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Hochul says new state budget won't include tax increases

Hochul speaking behind podium next to people wearing face masks
Karen DeWitt
New York State Public Radio
Gov. Kathy Hochul gives an update on storm conditions in New York and talks about the upcoming state budget in Albany on Dec. 15, 2022.

Gov. Kathy Hochul said Thursday that she’s not considering raising taxes in her new state budget proposal, due out next month, even though New York’s fiscal outlook continues to deteriorate.

Hochul said that just one year ago, the state’s revenues were at near-record rates, and federal pandemic-related funding was pouring in from Washington.

“Literally a year ago, when we were looking at our landscape, it was very bright,” Hochul said. “It was a bright day.”

Now, the U.S. is experiencing the highest rate of inflation in 40 years, concern over high fuel prices, and a drop in the stock market.

“This year, it’s a totally different story,” Hochul said.

She said controlling state spending will be a top priority in 2023.

The governor said she’s already working on her budget proposal, which is due at the end of January. And she said raising taxes will not be part of the equation.

“I don’t believe that raising taxes, at a time when we just cut taxes, makes sense,” Hochul said.

Hochul last year initiated a property tax rebate and implemented the final phase of a middle-class tax cut. Two years ago, before she was governor, the state raised the income tax rate on wealthy New Yorkers.

The governor said she is also not reneging on a commitment to fully fund schools, under what’s known as the state’s foundation aid formula.

The funding was the subject of a decades-long court battle, which plaintiffs won in 2006. But a plan to fulfill the order and fully fund the schools was scrapped during the Great Recession just over a decade ago. An agreement to fully restore the money did not come until this year.

Under the plan, an additional $21.3 billion will go to schools in the next state budget, and increase to $23.2 billion a year by 2024, when it is fully phased in.

Hochul said there are also built-in increases in health care funding, and in the Medicaid program, which is partially funded by the state. And she said those increases, which she called necessary for helping move out of the pandemic, also won’t be altered.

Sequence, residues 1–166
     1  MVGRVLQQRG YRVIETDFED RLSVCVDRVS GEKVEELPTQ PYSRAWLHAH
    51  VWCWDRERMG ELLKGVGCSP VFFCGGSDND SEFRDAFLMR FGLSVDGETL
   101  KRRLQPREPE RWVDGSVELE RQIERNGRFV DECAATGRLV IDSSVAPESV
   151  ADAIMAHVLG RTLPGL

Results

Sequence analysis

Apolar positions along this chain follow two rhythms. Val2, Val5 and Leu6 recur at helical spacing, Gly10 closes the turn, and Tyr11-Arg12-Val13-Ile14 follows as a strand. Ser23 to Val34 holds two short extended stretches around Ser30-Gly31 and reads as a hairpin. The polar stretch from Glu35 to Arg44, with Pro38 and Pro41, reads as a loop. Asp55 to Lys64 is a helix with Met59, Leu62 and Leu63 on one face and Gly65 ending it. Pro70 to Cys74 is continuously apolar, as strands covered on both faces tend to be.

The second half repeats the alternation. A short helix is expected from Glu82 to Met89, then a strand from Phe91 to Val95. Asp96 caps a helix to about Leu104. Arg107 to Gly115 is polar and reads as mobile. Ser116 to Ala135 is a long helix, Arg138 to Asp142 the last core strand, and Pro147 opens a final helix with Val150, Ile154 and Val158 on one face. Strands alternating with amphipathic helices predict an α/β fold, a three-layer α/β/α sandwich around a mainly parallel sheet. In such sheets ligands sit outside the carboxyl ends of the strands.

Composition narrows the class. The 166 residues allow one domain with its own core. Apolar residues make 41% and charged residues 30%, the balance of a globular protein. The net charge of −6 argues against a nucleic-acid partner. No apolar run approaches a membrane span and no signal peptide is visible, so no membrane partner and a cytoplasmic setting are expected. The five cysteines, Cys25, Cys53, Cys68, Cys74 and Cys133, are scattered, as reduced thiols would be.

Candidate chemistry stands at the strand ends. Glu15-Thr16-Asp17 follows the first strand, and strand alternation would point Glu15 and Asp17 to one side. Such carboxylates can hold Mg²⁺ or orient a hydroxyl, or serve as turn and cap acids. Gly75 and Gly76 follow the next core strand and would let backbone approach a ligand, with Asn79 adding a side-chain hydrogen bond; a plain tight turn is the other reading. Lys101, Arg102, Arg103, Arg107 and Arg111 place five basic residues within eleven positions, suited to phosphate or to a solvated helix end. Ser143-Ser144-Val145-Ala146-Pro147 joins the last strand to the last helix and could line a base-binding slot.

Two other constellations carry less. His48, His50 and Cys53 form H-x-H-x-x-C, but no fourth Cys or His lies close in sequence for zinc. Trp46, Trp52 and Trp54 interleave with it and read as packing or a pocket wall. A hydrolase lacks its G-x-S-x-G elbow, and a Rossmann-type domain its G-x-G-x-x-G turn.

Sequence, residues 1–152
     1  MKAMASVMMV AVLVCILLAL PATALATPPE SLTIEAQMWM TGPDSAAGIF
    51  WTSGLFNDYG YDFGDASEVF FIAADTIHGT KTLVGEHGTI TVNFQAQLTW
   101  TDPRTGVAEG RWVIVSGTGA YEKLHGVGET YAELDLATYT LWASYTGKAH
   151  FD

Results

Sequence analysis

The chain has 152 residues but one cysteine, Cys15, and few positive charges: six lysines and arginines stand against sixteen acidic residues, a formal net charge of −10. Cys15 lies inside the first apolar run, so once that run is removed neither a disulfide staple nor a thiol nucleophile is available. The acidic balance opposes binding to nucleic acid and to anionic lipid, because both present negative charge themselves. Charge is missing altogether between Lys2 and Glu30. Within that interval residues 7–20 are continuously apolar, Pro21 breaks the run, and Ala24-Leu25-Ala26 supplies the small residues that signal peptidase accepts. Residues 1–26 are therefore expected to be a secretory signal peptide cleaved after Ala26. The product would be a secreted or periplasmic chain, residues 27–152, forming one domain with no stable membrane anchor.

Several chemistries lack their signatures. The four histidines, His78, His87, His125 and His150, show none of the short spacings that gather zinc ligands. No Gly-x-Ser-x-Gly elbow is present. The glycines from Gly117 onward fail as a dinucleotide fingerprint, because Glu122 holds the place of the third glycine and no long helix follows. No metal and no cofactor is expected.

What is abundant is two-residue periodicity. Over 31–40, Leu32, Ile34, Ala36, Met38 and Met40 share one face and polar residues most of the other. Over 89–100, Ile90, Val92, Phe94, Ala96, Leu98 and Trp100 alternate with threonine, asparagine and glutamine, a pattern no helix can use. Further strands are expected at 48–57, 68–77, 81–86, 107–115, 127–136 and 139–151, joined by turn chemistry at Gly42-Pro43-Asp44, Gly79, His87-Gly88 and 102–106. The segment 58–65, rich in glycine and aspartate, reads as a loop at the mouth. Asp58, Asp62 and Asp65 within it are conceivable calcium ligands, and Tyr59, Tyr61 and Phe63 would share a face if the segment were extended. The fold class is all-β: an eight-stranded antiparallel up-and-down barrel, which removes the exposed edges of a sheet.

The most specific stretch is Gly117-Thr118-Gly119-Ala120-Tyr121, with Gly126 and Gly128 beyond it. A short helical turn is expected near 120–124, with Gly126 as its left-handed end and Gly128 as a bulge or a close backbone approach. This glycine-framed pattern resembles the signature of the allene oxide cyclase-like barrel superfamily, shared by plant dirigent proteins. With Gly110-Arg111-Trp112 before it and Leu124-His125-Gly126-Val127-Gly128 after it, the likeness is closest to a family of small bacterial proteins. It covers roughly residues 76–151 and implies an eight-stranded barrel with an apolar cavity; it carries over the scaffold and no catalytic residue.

“Those are already committed obligations that we are going to meet,” the governor said. “But then, there’s all the agencies, and how we manage those.”

Robert Mujica, Hochul’s budget director, has asked the agencies to “hold the line” on spending in their budget requests.

Mujica said he and the governor took steps in the current budget in case an economic downturn occurred. They held back billions of dollars from pandemic-related federal funding in reserves and are growing the rainy-day fund from 4% to 15% of the state’s total budget.

And he said some big-ticket one-time spending items, including bonus payments to health care workers, were financed with one-time sources of revenue from the federal relief packages, so they won’t be a burden on future spending plans.

But Mujica said the Federal Reserve’s recent interest rate increases, aimed at slowing economic growth to tame inflation, will likely alter the state’s predictions of steady economic growth over the next few years.

He said that’s a concern for Wall Street and the financial industry, which is responsible for a significant percentage of the state’s total tax collections.

“The outlook is extraordinarily challenging,” Mujica said.

Mujica said for now, though, revenue collections remain strong and unemployment is low, close to pre-pandemic levels.

Mujica is leaving his job at the end of the year to run the financial oversight board in Puerto Rico. His successor has not yet been named.

Karen DeWitt is Capitol Bureau chief for the New York Public News Network, composed of a dozen newsrooms across the state. She has covered state government and politics for the network since 1990.